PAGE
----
The US consulting market is the largest in the world. According to a recent report by Source Global Research, the US consulting market grew nearly 8% last year to almost $55 billion. A recent Robert Half survey, meanwhile, found that 61% of CFOs plan to bring in consultants in the next 12 months, up from 48% who said the same in 2013.
The reasons CFOs in the Robert Half survey cited for potentially bringing in consultants were varied, but unsurprising. Fifty percent said risk, governance, and compliance was the reason they anticipated making the move, up from 40% in 2013. Another 49% believed finance optimization would be the cause, up from 36%, and taxation was up to 45% from 42%. Essentially, they are needed for areas evolving so rapidly that it is too expensive and time consuming to train staff to keep up to date.
Consultants are often a valuable resource to draw on in urgent situations, yet occasionally they are an expensive disaster. A typical consulting partner’s day rate ranges from $3,000 to $6,000, according to Source Global Research, and the wrong one can waste both funds and time. Given CFOs’ increased reliance on consultants, it is more important than ever that CFOs ensure they are bringing in the right person for the job - especially for startups, for whom hiring in a permanent CFO is often unaffordable leading them to consultants, but any missteps can be fatal.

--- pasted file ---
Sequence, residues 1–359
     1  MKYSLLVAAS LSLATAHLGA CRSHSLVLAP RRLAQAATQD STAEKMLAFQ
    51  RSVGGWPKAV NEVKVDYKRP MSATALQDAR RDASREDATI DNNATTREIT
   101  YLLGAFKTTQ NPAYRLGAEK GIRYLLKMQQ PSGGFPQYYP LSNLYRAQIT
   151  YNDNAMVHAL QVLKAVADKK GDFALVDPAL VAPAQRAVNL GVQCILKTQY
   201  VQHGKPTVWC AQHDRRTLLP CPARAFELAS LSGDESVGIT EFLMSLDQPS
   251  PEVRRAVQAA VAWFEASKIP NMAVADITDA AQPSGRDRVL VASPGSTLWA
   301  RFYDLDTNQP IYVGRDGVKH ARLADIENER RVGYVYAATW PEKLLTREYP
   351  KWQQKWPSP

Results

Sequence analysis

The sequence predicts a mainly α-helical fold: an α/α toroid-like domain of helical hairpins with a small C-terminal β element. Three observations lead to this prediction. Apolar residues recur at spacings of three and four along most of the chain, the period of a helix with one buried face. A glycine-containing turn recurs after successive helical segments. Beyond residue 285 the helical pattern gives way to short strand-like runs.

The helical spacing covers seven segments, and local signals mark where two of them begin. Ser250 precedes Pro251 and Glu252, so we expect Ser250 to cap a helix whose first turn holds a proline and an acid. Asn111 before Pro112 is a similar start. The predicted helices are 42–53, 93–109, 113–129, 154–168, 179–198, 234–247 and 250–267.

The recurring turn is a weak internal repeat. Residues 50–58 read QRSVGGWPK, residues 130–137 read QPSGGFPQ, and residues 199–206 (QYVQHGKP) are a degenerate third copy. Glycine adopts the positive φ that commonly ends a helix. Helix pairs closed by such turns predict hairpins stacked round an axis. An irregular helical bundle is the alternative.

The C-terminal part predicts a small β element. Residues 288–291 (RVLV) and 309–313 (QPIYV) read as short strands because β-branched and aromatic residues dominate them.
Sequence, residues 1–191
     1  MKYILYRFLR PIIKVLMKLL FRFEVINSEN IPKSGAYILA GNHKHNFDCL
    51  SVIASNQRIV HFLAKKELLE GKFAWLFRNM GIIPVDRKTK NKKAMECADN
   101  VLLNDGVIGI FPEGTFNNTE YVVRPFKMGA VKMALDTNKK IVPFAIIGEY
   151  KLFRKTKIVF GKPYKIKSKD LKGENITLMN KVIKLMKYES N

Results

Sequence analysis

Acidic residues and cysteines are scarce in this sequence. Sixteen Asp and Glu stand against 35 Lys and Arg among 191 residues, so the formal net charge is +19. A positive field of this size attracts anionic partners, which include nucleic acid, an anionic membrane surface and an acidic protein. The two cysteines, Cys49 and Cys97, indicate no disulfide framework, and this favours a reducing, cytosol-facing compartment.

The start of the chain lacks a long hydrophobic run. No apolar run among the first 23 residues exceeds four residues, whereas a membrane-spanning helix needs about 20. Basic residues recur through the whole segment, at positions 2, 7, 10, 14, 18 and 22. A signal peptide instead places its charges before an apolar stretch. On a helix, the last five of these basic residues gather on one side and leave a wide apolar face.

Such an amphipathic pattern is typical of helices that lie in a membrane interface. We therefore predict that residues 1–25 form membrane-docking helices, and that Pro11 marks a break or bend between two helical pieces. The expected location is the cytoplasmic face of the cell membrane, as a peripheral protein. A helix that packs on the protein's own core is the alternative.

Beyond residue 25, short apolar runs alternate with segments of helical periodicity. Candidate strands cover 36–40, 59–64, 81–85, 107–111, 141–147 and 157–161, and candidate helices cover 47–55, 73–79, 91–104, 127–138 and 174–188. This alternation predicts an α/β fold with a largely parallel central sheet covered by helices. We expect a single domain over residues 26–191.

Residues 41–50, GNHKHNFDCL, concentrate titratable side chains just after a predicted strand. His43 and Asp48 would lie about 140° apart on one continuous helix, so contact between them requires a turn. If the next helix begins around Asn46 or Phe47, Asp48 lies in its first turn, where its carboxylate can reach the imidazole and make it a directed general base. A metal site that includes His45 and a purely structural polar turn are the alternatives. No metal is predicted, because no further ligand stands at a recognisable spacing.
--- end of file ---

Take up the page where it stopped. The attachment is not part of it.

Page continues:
The most important thing is to hire a consultant with experience in your industry. There has been a recent trend emerge for young people graduating to move straight into consultancy, which, as Virgin CEO Richard Branson put it, ’is unparalleled in most professions. Imagine boarding an airliner and learning that the pilot at the controls has only ever flown a flight simulator. You’d be more than uneasy! Similarly, there is a reason that aspiring heart surgeons spend years in operating rooms assisting and observing other surgeons before they operate on their own.’
There is a wealth of experience out there, however, with many CFOs moving into consultancy as they approach retirement. In the Robert Half survey, three quarters of CFOs said they see consulting as an attractive proposition in the twilight of their career, while 58% said they thought it at least somewhat attractive and 17% said they find it very attractive. Paul McDonald, a Robert Half senior executive director, noted in a press release that, ‘Financial professionals who are ready for a change but don’t want to retire often choose consulting as their next career step. Project work provides intellectual challenge, the opportunity to take on new types of assignments and the ability to mentor others.’
These are the people you want to be looking for, people with experience who understand the challenges are not afraid to say it as they see it. The consultant is often much maligned, particularly in the public sector, but they are a valuable resource. In fast-moving times, it is often impossible to keep up with developments, but a consultant can bring that necessary expertise in urgent times. It’s just a question of picking the right one.